I’ve seen the comments about teens, during Rumspringa, driving cars. How do they get a permit, practice time, license and money to buy a car without the parent’s assistance?
We’ve discussed Amish youth getting their first buggies, but what about cars? First off, some Amish youth do in fact drive, and some Amish parents have no choice but to concede car driving to those children (even though they may not be happy about it).
Like in English society during adolescence Amish parental control loosens. But there is still a degree of influence or control that comes from living under the same roof and still not being an adult. Amish parents aren’t encouraging their children to get behind the wheel, but they don’t necessarily have the authority to try to stop them even if they thought doing so would be a good idea.
If you ever drive around Amish communities and see cars parked in farm lanes or behind barns, chance are one of the adolescent family members–the majority of the time male–owns them. I remember seeing this often my first summer on the backroads of Holmes County, Ohio and it took me a little while to figure out what was going on.
Even though a lot of Amish turn a disapproving eye to youth driving, truth be told some Amish parents benefit from their children being drivers, whether it is in providing transport for a business or for personal needs. However not all Amish are going to explicitly or tacitly permit this, lower Amish in particular.
For instance in the same Ohio community Andy Weaver Amish who permit their children to own cars while living at home are subject to church sanctions (see An Amish Paradox p. 47–“Today, all Andy Weaver young people know that the high price they must pay if they buy a car includes leaving home”). So, driving would be classified by some as “wilder” behavior, but certainly not the wildest, and not all that uncommon in certain communities.
Learning to drive
As far as learning to drive, obviously Amish kids are not out practicing with dad in the Wal-Mart parking lot. Some Amish youth are going to have experience moving a tractor around the farm (even though most Amish don’t use them in the fields).
Certainly many get practice behind the wheels of friends’ vehicles. I think like any other teens Amish youth have a fascination with fast cars, and given the circumstances of growing up in a slower-paced horse-and-buggy world, perhaps even more so. Unfortunately, as with the English, Amish teens and cars can end badly, and from time to time you hear of tragic accidents with Amish youth drivers at fault.
Getting money to buy a car
When it comes to money, even though Amish kids typically contribute to the household finances until age 21, they can surely figure out ways of getting together enough funds to purchase a jalopy. For those who’ve read his account of growing up Amish, Ira Wagler describs pooling money together with buddies to buy a first car. Most Amish youth work and some even run their own sideline businesses; it’s not unheard of for Amish to cut their teeth in entrepreneurship while still in their teens.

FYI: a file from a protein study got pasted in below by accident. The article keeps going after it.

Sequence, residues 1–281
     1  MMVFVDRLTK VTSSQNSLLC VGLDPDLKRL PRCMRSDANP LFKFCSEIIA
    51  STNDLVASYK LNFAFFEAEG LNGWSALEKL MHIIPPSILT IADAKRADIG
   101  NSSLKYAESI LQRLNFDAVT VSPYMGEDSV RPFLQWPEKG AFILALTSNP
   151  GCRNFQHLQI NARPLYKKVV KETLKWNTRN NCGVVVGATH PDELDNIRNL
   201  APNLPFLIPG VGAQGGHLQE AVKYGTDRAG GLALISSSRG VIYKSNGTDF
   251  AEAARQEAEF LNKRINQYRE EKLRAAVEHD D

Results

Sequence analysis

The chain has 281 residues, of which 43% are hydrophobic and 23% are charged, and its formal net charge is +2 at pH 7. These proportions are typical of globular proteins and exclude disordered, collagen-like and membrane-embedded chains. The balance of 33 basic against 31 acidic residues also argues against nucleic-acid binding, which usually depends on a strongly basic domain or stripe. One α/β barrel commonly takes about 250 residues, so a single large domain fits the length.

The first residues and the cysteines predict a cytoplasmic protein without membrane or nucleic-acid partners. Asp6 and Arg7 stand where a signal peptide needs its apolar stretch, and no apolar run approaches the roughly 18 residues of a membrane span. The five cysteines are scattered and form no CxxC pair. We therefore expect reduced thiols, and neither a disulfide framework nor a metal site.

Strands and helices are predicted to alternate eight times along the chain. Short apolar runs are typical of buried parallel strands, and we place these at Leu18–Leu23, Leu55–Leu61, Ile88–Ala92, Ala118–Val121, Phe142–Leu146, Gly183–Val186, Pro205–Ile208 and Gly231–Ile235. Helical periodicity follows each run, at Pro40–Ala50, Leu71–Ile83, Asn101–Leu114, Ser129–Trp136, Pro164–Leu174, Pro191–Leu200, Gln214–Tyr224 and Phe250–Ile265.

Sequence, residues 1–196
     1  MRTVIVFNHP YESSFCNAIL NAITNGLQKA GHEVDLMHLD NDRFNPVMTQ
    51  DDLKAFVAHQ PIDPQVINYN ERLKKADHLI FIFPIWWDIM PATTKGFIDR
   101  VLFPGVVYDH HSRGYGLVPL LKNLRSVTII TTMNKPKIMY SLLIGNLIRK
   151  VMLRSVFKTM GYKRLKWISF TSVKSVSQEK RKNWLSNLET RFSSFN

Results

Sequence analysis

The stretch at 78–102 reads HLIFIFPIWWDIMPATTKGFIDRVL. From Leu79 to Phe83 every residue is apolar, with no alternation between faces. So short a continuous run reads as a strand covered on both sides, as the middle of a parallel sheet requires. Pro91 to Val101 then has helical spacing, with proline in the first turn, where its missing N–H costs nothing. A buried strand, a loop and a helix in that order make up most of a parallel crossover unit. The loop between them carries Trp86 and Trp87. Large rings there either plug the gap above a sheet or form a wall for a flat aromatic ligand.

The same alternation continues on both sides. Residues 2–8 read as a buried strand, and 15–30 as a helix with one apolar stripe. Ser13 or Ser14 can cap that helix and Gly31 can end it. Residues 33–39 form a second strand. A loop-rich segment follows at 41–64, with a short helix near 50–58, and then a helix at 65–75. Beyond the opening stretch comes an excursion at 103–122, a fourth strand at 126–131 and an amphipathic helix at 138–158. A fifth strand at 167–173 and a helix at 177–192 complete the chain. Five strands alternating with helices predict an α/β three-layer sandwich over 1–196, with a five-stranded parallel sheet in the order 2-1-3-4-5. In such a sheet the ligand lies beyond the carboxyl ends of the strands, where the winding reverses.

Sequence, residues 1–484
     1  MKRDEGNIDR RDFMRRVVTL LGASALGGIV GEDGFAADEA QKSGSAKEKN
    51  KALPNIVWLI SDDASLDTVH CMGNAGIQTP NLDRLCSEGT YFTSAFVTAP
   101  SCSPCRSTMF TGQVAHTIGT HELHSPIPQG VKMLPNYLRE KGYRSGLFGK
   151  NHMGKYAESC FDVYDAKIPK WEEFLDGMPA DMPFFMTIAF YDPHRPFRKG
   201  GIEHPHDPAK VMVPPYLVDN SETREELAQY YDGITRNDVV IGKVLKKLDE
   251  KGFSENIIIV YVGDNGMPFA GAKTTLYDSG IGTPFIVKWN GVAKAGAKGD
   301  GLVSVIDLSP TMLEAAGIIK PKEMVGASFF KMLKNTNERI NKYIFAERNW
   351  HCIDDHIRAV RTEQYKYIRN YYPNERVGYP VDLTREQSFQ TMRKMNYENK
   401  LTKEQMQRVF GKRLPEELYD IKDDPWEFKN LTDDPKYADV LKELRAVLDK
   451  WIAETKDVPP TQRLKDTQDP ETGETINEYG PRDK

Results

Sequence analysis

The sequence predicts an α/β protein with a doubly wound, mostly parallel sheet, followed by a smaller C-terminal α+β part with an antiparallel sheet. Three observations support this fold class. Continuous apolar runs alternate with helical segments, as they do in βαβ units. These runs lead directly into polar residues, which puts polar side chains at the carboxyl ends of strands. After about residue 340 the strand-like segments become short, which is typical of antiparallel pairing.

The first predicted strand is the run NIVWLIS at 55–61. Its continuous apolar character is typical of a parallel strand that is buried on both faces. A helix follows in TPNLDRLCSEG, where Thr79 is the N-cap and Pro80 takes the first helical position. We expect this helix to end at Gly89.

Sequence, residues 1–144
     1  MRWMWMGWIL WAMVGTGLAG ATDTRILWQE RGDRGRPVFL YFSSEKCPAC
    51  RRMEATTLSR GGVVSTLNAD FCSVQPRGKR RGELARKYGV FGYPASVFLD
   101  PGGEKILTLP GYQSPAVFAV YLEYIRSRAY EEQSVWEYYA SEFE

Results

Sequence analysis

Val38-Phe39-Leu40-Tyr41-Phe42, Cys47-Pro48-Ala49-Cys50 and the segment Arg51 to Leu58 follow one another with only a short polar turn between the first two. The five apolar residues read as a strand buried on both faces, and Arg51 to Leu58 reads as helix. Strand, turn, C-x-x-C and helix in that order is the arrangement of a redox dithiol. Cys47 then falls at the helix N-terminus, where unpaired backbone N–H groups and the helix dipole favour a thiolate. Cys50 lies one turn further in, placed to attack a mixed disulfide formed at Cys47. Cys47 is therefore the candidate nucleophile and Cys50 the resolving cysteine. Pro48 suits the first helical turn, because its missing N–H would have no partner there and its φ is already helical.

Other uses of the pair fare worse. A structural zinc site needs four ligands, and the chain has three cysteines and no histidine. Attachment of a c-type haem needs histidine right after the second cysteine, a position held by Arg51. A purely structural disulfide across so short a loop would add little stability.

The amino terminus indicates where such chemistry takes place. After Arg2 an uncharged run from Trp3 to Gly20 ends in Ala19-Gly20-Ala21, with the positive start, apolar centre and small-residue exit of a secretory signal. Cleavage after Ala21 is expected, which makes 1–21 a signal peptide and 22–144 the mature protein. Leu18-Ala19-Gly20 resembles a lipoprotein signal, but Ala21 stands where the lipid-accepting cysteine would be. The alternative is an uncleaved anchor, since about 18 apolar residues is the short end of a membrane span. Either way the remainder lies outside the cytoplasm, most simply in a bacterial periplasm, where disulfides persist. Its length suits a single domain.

When generating your own business income it’s not hard to see how you could procure the funds for a vehicle. Even if you’re just doing regular labor finding a way to buy a thousand-dollar beater is hardly an insurmountable challenge for a determined young man, even when you’re still officially contributing to the household.
And in the less-common cases when an Amish youth leaves home to live on his own he would not have the same obligations to the household purse. Of course at age 21 finances become a lot clearer, and with some Amish delaying baptism for years, the automotive world becomes their oyster.
Getting a license
On getting a driver’s license, I once asked an Amishman about the situation in his home state of Ohio: “You can get [a license] at 16…at 18, you can then get it yourself, without having the parents involved,” he explained. “About all the Amish just do it that way. They wait til they’re 18…they’ll get out there soon enough anyway, so why push them.”
Driver’s licensing laws vary from state to state, but you’re probably not seeing a lot of permits with Amish youth for the obvious reasons. For what it’s worth, this Amish acquaintance–and former youth driver himself–doesn’t seem to miss his wheels much now that he’s a baptized Amish adult. Returning from a trip to the city of Akron, he explains, “We got into rush hour on the way home. And to think that people actually go through that every day…I couldn’t make it!”
Though a lot of parents are not comfortable with it, the reality is that a good chunk of Amish youth–boys especially–are going to want to try out driving a car during those heady years of sowing oats. How parents handle their teens’ desires can make a difference in not just the child-parent relationship but also the individual’s experience in the Amish church, even influencing how and if they join church in later years.
I hope that does some justice to Rita’s question, and of course experiences vary across Amish society. I’d be curious to hear any “Amish car anecdotes” you’ve heard or experienced so feel free to share in the comments.
Camaro photo: kenjonbro/flickr
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